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Dow closes sharply lower as trade war jitters linger

CNBC logo CNBC 3/14/2018 Alexandra Gibbs and Thomas Franck

The Dow Jones industrial average fell sharply Wednesday as Boeing shares pulled back on worries the U.S. could engage China in a trade war.

The 30-stock index ended down 248 points after opening up more than 100 points. Boeing dropped 2.5 percent, contributing the most to the Dow's decline.

Boeing's drop comes after a report said President Donald Trump wishes to slap $60 billion of tariffs on Chinese goods. Investors feared China could target the aerospace giant in retaliation.

The S&P 500 lost nearly 0.6 percent amid weak performances in materials, industrials and consumer staples companies. Utilities stocks jumped, with the Utilities Select Sector SPDR Fund (XLU) climbing more than 1 percent. The fund was also on track for its first five-day winning streak since late November. 

The Nasdaq slid 0.2 percent.

"This volatility is the norm not the exception now," said Art Hogan, chief market strategist at B. Riley FBR. "It's the perception of what tariffs mean ... right now we're focused on significant tariffs on Chinese goods."

Asian equities were down, with the Nikkei 225 falling 0.87 percent and the Shanghai composite dropping 0.57 percent. In Europe, the Stoxx Europe 600 rose 0.5 percent as corporate news helped lift the major indexes.

Last week, President Donald Trump signed two declarations to impose tariffs on steel and aluminum imports — both are expected to take effect in the coming weeks. While Canada and Mexico are exempt from the deal, fears over a potential trade war remain, as investors worry that countries around the world may impose their own retaliatory tariffs.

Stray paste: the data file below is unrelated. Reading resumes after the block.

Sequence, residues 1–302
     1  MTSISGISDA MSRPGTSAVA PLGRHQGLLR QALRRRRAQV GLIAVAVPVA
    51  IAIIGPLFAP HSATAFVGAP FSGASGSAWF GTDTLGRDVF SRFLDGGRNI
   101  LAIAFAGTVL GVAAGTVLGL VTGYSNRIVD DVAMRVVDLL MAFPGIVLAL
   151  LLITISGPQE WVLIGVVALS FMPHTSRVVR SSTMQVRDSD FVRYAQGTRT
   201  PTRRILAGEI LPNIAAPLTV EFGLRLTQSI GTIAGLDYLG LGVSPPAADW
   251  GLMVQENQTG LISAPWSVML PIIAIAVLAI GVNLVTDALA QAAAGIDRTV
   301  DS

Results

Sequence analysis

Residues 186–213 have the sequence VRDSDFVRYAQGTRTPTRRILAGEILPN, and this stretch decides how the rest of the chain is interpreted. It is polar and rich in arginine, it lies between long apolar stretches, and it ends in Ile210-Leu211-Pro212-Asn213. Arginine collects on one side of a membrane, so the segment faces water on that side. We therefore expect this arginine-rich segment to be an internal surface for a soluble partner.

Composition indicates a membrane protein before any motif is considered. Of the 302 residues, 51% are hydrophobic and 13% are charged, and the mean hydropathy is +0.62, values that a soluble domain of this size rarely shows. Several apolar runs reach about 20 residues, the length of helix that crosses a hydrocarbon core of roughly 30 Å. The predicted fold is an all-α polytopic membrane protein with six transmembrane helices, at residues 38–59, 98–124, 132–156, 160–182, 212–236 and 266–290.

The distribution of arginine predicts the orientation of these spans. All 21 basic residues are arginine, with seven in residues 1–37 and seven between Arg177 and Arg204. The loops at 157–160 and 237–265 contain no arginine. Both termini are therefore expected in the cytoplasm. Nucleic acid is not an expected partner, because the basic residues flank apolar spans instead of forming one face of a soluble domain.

A source told CNBC on Tuesday that Washington is contemplating a trade package that would include investment restrictions, indefinite tariffs and potentially even visa restrictions on Chinese travelers.

"Certainly the stock market is being supported by the economy and earnings being in double digits this year," said Bruce Bittles, chief investment strategist at Baird. "I'd say the one problem area is the technical situation and that the rally is getting more narrow ... That would suggest we may have another retest of the February lows before this is all over."

But as for political news on trade and a possible trade war, Bittles said that those worries are likely "overstated."

German apparel company Adidas climbed more than 12 percent after it revised upward its long-term profit target and said it would propose a higher dividend.

Investors will also be reflecting on Trump's decision to fire Secretary of State Rex Tillerson, followed by the announcement that he would nominate CIA Director Mike Pompeo as Tillerson's replacement.

Ford's stock rallied more than 3 percent after Morgan Stanley upgraded the company to overweight from underweight. The bank sees more potential in the American motor vehicle company following "significant changes" to senior management at the company and its efforts to improve its global portfolio.

Shares of Qualcomm fell more than 1.5 percent after Broadcom announced that it is formally ending its hostile bid for the American chipmaker. Qualcomm stock fell nearly 5 percent Tuesday after President Trump ordered Broadcom to abandon the deal.

Yields on 10-year Treasurys fell to 2.832 percent Wednesday in New York, their lowest level since early March. Yields move inversely to prices.

In economic data, U.S. producer prices increased slightly more than expected in February. The Department of Labor said on Wednesday that its producer price index rose 0.2 percent last month; economists polled by Reuters had expected PPI gaining 0.1 percent.

So-called core PPI — which excludes volatile food, energy and trade service prices — rose 0.4 percent.

The Commerce Department said retail sales declined for a third straight month on Wednesday as households curbed purchases of cars and other expensive items. Economists had been expecting sales to rise 0.3 percent.

CNBC's Gina Francolla contributed to this report.


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